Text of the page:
I have now arrived home after an incredible 4 weeks teaching music at Tender Talents Magnet School, Kasangati, Uganda. It was amazing beyond anything that I could have imagined. The experience of teaching was incredible. I witnessed the students grow as musicians and as people, and I too have grown as a person and as a musician. Teaching made me very happy because it involved me giving the students something very special – music. I could see that music made them happy and that made me happy too. It was so heartwarming for me to finish an orchestra rehearsal with them and for them to shout, “Again! Again!” because they found such enjoyment in playing the music.
It was particularly heartwarming for me to be the conductor of Tender Talents’ first ever orchestra rehearsal and orchestral performance. Sharing musical experiences like this for the first time is very special and is something which I will always treasure.
The final concert on Friday (12th September) went very well. The students made me very proud. Each violin class and double bass class played one piece, the orchestra played Trumpet Parade, the choir sang Every Time I Feel The Spirit, The Dark Island and a traditional Ugandan song, and the orchestra and choir came together for another traditional Ugandan song. There was even some Scottish dancing (Strip The Willow) danced in traditional Ugandan dress which was very funny, as well as some impressive Ugandan dancing. To conclude the students sang Auld Lang Syne to symbolise the friendship that we’ve built with each other over the past month. As you can tell, the concert showcased a lovely combination of Ugandan and Scottish cultures.
I spent Saturday and Sunday with my Mum (who arrived in Uganda in time to come to the concert) at Lake Mburo National Park. We went on a horseback safari on Saturday afternoon and saw a lot of zebras, impalas, waterbuck, bushbuck, warthogs and many different kinds of bird including the Ugandan national bird, the Crested Crane. We then went on a night-time safari in the evening when we saw the same animals plus a glimpse of a genet cat.
Mum then flew back to Edinburgh and I spent Monday and Tuesday in Addis Ababa, Ethiopia, where we lived for two years when I was 10 and 11 years old. It was very nice to be back again, although it was quite sad to see how much has changed since we lived there. It was particularly shocking to find that our old house has been knocked down to make way for new housing and office developments. It was lovely though to see my old violin teacher and to ride Bora, the horse I used to own.
I will never forget my trip to Tender Talents. I am so grateful to Frank and Brenda and family for welcoming me so warmly and for giving me the best hospitality I could have dreamed of. I now have a second family in Uganda – a second mum and a second dad and so many new brothers and sisters that I’ve lost count! And I don’t say that lightly – they really do feel like family to me. And the opportunities that they gave me outside of my teaching hours were fantastic: Ugandan cultural shows, a Ugandan wedding, a day out in Kampala, a trip to Kaka’s, and trips to all of the music projects in Kampala (M-Lisada, Mummy Foundation and Kampala Music School).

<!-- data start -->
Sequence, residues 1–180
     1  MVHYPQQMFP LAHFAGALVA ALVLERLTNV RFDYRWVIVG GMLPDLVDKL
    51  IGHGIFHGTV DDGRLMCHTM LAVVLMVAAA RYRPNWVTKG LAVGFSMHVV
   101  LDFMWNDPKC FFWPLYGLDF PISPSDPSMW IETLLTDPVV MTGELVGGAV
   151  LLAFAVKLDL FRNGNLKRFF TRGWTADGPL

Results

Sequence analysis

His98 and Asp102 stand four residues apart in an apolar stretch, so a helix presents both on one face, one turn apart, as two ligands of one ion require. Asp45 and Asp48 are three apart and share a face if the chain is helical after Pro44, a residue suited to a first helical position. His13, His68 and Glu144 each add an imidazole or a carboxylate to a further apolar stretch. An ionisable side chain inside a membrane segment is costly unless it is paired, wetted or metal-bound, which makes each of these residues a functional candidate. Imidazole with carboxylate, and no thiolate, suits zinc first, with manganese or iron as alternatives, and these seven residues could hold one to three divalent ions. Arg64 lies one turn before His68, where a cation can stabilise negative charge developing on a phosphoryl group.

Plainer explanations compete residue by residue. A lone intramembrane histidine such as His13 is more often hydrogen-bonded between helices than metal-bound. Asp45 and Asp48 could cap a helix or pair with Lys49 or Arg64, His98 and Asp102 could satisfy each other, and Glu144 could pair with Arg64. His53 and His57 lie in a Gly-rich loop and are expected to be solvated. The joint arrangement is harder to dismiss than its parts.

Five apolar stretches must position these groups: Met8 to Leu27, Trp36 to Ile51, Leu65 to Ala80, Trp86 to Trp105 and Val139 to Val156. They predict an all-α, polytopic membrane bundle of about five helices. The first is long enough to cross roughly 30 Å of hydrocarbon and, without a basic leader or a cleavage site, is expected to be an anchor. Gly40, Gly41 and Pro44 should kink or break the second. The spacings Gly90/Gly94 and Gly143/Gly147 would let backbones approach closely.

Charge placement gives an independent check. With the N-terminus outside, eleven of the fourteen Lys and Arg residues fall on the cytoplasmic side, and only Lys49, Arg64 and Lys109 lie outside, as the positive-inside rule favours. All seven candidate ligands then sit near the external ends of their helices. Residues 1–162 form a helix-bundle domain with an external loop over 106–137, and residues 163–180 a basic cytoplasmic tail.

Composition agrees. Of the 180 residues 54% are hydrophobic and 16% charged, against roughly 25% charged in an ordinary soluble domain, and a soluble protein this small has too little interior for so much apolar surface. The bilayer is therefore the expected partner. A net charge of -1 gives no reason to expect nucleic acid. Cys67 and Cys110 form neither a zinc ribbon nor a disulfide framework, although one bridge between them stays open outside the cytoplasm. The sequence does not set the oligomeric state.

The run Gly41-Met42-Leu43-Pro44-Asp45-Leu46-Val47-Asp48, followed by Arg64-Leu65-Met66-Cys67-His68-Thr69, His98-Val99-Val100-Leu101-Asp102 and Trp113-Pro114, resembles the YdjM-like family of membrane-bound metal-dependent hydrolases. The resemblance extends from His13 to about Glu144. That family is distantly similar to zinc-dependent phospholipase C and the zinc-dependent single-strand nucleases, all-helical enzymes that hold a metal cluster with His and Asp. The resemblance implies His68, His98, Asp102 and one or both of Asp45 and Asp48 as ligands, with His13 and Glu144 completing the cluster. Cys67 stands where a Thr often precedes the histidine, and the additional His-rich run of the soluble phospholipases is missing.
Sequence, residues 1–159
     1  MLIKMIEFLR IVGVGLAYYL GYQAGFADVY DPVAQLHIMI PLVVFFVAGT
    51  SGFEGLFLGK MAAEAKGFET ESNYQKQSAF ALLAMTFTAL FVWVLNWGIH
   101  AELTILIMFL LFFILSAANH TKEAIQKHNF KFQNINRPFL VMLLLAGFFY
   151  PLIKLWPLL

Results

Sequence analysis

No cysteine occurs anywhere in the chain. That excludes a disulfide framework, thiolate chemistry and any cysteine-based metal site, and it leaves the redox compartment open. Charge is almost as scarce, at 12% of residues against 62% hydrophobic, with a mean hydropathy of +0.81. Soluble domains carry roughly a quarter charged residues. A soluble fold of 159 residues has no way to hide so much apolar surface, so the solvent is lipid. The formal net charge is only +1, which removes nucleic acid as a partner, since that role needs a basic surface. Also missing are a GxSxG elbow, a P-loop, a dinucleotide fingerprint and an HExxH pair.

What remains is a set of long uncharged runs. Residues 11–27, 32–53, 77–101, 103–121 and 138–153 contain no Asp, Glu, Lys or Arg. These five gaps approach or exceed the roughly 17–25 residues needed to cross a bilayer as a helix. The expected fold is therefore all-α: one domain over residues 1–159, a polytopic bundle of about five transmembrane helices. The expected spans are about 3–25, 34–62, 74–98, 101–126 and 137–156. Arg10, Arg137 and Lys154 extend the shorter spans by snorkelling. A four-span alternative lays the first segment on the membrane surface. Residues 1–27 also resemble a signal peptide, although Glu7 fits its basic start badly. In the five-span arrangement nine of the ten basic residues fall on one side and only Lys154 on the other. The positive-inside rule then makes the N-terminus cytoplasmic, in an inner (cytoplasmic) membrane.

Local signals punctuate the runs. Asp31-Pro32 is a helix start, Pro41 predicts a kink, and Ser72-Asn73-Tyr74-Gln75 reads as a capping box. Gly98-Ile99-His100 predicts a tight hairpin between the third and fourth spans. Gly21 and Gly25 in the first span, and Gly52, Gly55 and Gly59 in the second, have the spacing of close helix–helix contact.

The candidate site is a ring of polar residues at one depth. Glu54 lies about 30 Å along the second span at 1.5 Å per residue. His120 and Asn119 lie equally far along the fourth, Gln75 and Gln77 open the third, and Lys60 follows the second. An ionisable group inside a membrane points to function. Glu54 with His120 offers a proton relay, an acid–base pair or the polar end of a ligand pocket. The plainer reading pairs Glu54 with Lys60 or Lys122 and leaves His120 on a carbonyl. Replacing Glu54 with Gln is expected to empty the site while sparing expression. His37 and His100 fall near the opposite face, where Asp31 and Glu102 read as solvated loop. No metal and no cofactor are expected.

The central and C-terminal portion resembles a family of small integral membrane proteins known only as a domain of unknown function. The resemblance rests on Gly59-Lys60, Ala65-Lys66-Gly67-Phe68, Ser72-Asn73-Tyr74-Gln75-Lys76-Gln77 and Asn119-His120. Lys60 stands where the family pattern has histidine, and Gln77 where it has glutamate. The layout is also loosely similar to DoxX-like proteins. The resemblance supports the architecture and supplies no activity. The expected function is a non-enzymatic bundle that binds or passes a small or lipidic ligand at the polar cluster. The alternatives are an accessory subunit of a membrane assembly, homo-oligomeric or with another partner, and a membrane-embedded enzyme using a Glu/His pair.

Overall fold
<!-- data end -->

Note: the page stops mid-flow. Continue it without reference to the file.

I am glad to be home after so many tiring plane journeys, but I miss everyone at Tender Talents incredibly. I really hope to go back next year, as I had such a fantastic time there. I wish the school the best of luck over the next year, especially to those in S6 who are leaving school at Christmas. Another massive thank you to everyone who made my experience there so amazing. Till next time!
3 thoughts on “Goodbye and thank you!”
Isla, there are no words to describe your incredible spirit. You changed our lives . We thank you ever so much for your spirit of love and sharing. I believe all the young people you worked with have developed a new attitude towards life. Every morning you were with us was so special for me. I wish I could show you more. You really are family now and we hope and hope we shall see you again in Uganda. Our challenge is to keep watering the plant/seeds you have left behind so that when you come back they would be sprouting.
Thank you so much for sharing with us as a family and of course you experienced the true sense of an elastic African family!!!!. My name traditionally means the generous or the giver,thus I live to the prediction of those who fore told my future.
I have challenged my self to playing the violin so may be when you are back I could be playing some, hope I find the time and patience!!!.
Thank you to your Mum, who loaned you to us for the Month you stayed with us. Thank you to all that made it possible for you to come over. Everybody is so full of admiration for you and the way you are committed to your work. I wish you all the Luck at your University.
Thank you Once again Isla. We cherish your relationship to us.
Aw, thank you very much for those kind words, Frank. I do indeed hope to be back! I too will always cherish my relationship with you 🙂
You’re very welcome, Frank. It was a wonderful experience for Isla, and you are such a great family for her to stay with. Thank you for welcoming me too to your house and school. Isla learned so much from you all, and had a great time. Hopefully she’ll be back! Love to you all.